Immune Therapy and Modulation

Our very dynamic research program addresses infectious diseases treatment through modulation of the host immune response. Under investigation are immune therapies that treat HIV, HCV, influenza, malaria, and tuberculosis (TB). The immune therapy program for treating HIV infection includes therapeutic vaccinations, targeting the PD-1 inhibitory pathway and various combinations of these two approaches. Dr. Rama Amara’s laboratory spearheads these studies in collaboration with Dr. Rafi Ahmed’s laboratory at Emory University and Dr. Gordon Freeman’s laboratory at Harvard University. The principle research goal is to restore and enhance the function of anti-HIV immunity of the infected individual by blocking the inhibitory receptors on immune cells and by generating immune cells that can efficiently fight HIV infection. Therapeutic vaccination and PD-1 blockade approaches have shown highly encouraging results for controlling pathogenic SIV infections in the non-human primate model. The Emory Vaccine Center holds the distinction of testing the first generation therapeutic vaccine for HIV-infected humans in the United States. Additional immune therapy approaches investigate ways to purge the viral reservoirs in HIV-infected and drug-treated individuals so as to achieve a functional cure for HIV.

Drs. Guido Silvestri and Mirko Paiardini laboratories study the mechanisms by which HIV is able to cause immune dysfunction and accelerate disease progression. Information gained from these studies will be critical to the development of novel immune therapies to treat HIV infection. EVC scientists are examining the PD-1 blockade approach as a potential target for purging the virus from latently infected cells and for treating chronic HCV infection and certain cancers. Current testing in humans revealed encouraging safety and efficacy results.

Great interest surrounds Drs. Rafi Ahmed’s and Jens Wrammert’s identification of new monoclonal antibodies that have a broad cross reactivity to multiple flu serotypes. These antibodies have been shown to treat a lethal flu infection even when administered 1-3 days after infection.


HIV/AIDS: Developing vaccines to halt the AIDS epidemic are central to the mission of the Emory Vaccine Center.  The AIDS vaccine program is comprehensive, spanning the entire research process from basic science to translational research and through preclinical and clinical trials. Rama Amara, focuses on preventive vaccines for HIV/AIDS that use the DNA and MVA vectors in NHP. A DNA/MVA HIV vaccine, developed by Dr. Amara and EVC faculty member Dr. Harriet Robinson (currently at Geovax.), generated a strong anti-HIV cellular and humeral immunity. The human Phase IIa trial (HVTN 205) is complete. Building upon these studies, Dr. Amara developed GM-CSF (in collaboration with Dr. Robinson) or CD40L-adjuvanted DNA/MVA vaccines. Results showed that these vaccines prevent 60-70% of the vaccinated rhesus macaques from a repeat heterologous mucosal SIV infection. Based on this excellent protection outcome, Geovax has begun a Phase I safety study using the GM-CSF-adjuvanted DNA/MVA vaccine in humans through HIV Vaccine Trials Network (HVTN)/NIH. Plans are underway to test the CD40L-adjuvanted DNA/MVA vaccine in humans.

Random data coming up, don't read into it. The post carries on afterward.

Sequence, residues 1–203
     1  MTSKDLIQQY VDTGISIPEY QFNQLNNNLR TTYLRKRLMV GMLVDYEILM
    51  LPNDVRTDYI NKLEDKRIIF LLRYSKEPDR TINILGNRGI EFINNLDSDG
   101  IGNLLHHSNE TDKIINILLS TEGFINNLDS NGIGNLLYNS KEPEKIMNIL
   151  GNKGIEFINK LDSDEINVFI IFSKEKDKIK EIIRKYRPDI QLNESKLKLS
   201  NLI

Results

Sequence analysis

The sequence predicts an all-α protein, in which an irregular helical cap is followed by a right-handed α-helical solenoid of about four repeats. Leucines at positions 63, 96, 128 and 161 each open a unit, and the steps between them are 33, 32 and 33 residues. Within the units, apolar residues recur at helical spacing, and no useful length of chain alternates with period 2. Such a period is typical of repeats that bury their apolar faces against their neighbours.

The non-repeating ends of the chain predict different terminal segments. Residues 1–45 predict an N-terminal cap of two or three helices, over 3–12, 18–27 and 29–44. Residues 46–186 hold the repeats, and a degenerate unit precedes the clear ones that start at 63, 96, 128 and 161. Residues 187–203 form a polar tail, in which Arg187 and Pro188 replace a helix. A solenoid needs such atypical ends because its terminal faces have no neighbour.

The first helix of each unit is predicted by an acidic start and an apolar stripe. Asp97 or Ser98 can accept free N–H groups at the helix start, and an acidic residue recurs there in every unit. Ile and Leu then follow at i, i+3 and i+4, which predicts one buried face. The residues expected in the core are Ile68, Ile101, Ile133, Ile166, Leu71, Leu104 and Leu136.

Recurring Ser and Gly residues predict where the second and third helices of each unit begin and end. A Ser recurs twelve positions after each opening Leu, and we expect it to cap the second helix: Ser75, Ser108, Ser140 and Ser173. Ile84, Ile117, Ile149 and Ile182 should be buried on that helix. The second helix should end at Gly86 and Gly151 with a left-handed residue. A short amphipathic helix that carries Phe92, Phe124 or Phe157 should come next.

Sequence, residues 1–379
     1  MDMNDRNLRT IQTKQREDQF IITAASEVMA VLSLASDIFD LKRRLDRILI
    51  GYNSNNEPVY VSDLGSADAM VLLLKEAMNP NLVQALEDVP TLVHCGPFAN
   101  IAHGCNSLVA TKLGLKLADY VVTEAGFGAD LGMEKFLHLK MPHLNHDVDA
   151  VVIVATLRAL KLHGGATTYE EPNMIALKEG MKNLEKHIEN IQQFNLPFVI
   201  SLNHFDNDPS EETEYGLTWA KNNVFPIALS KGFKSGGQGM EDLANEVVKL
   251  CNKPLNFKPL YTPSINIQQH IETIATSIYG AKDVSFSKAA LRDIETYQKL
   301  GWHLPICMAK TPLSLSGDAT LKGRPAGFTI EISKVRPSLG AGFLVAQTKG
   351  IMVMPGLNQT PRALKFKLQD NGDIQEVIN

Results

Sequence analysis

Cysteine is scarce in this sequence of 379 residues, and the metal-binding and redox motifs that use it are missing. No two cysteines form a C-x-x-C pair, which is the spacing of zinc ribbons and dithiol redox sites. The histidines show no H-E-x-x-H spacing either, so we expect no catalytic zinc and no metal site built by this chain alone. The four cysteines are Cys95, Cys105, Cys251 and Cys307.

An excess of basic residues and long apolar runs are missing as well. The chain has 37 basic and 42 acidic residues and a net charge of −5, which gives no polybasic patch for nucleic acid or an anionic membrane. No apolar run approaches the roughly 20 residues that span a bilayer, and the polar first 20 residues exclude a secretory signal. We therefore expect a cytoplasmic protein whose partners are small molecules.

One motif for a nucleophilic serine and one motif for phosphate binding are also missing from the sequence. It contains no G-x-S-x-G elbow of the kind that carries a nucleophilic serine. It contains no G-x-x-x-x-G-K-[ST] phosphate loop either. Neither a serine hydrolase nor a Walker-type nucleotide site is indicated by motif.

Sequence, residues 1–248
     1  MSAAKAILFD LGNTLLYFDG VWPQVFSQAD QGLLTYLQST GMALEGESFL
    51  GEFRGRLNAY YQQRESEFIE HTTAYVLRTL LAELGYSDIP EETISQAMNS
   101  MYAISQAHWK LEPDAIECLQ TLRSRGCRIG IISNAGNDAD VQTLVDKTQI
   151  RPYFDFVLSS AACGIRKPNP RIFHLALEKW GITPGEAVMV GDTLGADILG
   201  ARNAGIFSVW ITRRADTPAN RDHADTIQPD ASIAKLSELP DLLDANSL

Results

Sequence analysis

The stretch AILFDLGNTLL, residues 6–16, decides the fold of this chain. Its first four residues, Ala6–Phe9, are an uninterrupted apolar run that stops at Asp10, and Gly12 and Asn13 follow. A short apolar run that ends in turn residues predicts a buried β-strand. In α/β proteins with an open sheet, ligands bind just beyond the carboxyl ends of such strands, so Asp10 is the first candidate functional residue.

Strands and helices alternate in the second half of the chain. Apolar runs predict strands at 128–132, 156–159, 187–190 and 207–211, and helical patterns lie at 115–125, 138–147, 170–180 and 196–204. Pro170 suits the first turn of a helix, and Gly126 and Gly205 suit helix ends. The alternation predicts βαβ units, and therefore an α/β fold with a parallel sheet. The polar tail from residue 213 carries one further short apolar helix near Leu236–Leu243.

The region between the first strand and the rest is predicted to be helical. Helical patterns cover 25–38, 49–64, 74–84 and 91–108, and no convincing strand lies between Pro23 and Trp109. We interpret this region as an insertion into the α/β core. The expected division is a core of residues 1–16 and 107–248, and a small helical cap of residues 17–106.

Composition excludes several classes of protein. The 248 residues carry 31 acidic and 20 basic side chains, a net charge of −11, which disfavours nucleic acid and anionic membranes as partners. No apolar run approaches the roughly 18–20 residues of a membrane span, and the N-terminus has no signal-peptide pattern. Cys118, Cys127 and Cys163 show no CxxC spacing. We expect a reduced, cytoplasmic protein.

Dr. Amara, in collaboration with Dr. June Scott, also is working on the use of a probiotic bacterium Lactococcus lactis expressing HIV immunogens as an oral vaccine for HIV. It is designed to prevent infection by blocking infection at the site of virus exposure. Preliminary results in mice demonstrated that this vaccine generates a strong anti-HIV immunity at the mucosal sites where HIV can potentially enter into the body. Dr. Amara has initiated a pilot macaque study investigating the vaccine in an animal model to provide the basis for future study of its protective efficacy against HIV.

In addition, Dr. Amara is working with Dr. Shahid Jameel at the International Center for Genetic Engineering and Biotechnology (ICGEB), New Delhi, India to develop a CD40L-adjuvanted DNA/MVA vaccine for subtype C strain of HIV (a prevalent strain in India).